Review by Gary Hill
The opening song here is a single from Jackie Lee from the 1960s. The rest of the music includes the original album along with some other tracks that she did for different projects. Let's make no mistake, this sounds dated. It's very much a product of the 1960s, and specifically the pop music of the era. That said, a lot of it is very good. Lee's voice really sells this thing.
|Track by Track Review|
This song starts with some horns and works out to a tasty little psychedelic meets folk styled number. It's dated, and lightweight. It's also compelling.
Can Sing a Rainbow|
Adult contemporary styled in a lot of ways, this isn't really my kind of music. That said, I like it - a lot. I can't tell you why, except that it's a cheery, fun little tune.
I Don't Mean|
There is definitely a lot of jazz in the mix here. I love the piano on the cut. I'd have to say that there are some prog rock elements in the musical arrangement here. Again, this is fun and cheery.
That's Loving You|
More energized, this is set on a 1960s pop rock arrangement with some definite jazz elements. It's catchy.
Off and Running|
Feeling a lot like 1960s bubble gum pop, this is a cheery cut. I really love the vocal performance on this piece.
Think I Like You|
The strings and other elements bring a definite 1960s adult contemporary vibe to this. The song is very potent, though, and there are some cool bits of jazz guitar in the mix.
Very much a pop folk song, this is not really my thing, but the vocal performance is strong.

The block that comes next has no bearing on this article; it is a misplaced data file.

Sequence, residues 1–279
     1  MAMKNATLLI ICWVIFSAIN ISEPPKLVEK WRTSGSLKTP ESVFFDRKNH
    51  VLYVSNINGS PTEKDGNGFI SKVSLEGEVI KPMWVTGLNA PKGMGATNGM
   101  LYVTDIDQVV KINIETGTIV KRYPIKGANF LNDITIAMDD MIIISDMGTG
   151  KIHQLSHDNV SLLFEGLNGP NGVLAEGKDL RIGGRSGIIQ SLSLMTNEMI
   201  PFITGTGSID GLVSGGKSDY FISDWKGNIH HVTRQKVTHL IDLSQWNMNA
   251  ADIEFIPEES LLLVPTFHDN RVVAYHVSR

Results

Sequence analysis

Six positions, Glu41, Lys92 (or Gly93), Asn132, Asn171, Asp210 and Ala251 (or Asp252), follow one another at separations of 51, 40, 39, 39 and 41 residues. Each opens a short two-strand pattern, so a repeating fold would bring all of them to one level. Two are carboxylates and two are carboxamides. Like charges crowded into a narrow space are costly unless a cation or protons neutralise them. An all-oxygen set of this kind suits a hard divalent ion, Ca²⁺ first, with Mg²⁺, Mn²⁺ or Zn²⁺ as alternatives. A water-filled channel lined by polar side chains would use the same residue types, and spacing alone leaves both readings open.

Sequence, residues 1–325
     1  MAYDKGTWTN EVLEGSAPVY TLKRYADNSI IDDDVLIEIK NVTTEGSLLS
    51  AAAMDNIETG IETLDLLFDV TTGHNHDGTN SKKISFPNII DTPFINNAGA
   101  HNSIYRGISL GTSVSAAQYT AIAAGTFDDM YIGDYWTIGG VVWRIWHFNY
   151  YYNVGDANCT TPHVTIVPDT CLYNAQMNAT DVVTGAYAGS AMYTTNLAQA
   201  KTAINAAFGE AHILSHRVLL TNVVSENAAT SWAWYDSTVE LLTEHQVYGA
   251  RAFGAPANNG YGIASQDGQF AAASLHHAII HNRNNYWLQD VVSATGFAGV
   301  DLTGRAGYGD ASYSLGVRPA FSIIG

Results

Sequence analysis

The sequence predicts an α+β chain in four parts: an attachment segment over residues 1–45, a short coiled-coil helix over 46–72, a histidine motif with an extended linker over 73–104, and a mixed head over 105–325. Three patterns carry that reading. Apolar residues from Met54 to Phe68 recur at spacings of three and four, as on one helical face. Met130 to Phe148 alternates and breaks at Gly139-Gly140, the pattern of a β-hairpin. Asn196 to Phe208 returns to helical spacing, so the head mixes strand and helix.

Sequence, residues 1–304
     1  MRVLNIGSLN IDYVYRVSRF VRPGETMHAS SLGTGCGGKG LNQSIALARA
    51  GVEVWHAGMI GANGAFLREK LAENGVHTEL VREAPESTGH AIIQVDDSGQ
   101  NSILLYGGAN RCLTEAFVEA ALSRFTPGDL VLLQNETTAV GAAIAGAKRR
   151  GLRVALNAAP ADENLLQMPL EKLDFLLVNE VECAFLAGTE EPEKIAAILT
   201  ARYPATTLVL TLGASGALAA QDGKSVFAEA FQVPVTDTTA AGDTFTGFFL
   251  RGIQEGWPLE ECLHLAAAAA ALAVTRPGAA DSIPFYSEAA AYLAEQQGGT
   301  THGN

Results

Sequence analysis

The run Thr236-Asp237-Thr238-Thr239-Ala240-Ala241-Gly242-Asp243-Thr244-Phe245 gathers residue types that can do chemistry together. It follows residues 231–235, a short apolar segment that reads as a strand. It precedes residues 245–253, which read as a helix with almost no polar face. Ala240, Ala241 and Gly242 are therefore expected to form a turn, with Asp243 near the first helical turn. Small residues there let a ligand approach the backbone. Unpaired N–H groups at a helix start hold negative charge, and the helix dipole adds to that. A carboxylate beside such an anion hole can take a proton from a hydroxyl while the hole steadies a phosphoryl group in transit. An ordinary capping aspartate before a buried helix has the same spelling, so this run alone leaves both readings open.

Afraid of the Big Bad Wolf?|
This old dittie gets a pretty theatrical arrangement. It's definitely not something that works for me. I'm betting little kids would really like it, though.
of Sight, Out of Mind|
The guitar on this brings a lot of jazz to the table. The cut is sort of an old school standard beyond that. It's pretty, but not really my type of music.
Many Chiefs and Not Enough Indians|
A bouncy little cut, this is dated but fun.
I don't like all the shaking on the vocals here. The arrangement seems a little odd, too. That makes this one a tune I would skip, but your results may vary.
Now, this is something really special. There is a bit of a theatrical element in terms of the sound effects in the backdrop. The music is evocative and the gentle vocal performance adds to the element.
Lee and the Raindrops - Will You Love Me Tomorrow|
This song is not my kind of music, but I've always loved it. This performance is dated in terms of its doo-wop styled sound, but yet it works really well. It's one of favorites from this set, really.
Lee and the Raindrops - There Goes the Lucky One|
Now the 50s doo-wop on this doesn't work for me. Additionally, the recording quality doesn't seem as good. Still, I'm sure a lot of people like this kind of music. The vocal performance is strong. It's just not something I can really find appealing.
Lee and the Raindrops - Here I Go Again|
The music on this feels closer to early Beatles. It's energetic and fun. This is dated, but it works really well. Imagine if Jackie Lee was a member of the Beatles in 1964, and it would probably sound a lot like this fun tune.
Lee and the Raindrops - Down Our Street|
A more rock and roll oriented sound is heard on this. It's fun, but the recording seems to suffer a little in terms of quality. Still, this works pretty well.
Lee and the Raindrops - The Locomotion|
Now, this is a tune I've always liked. This version is pretty much in line with the Motown kind sound, but perhaps delivered via Liverpool. All in all this is fun.
Lee and the Raindrops - The End of the World|
This is a traditional tune, and it's delivered in the sort of classic retro sound one would expect. It's a good song and works well here.
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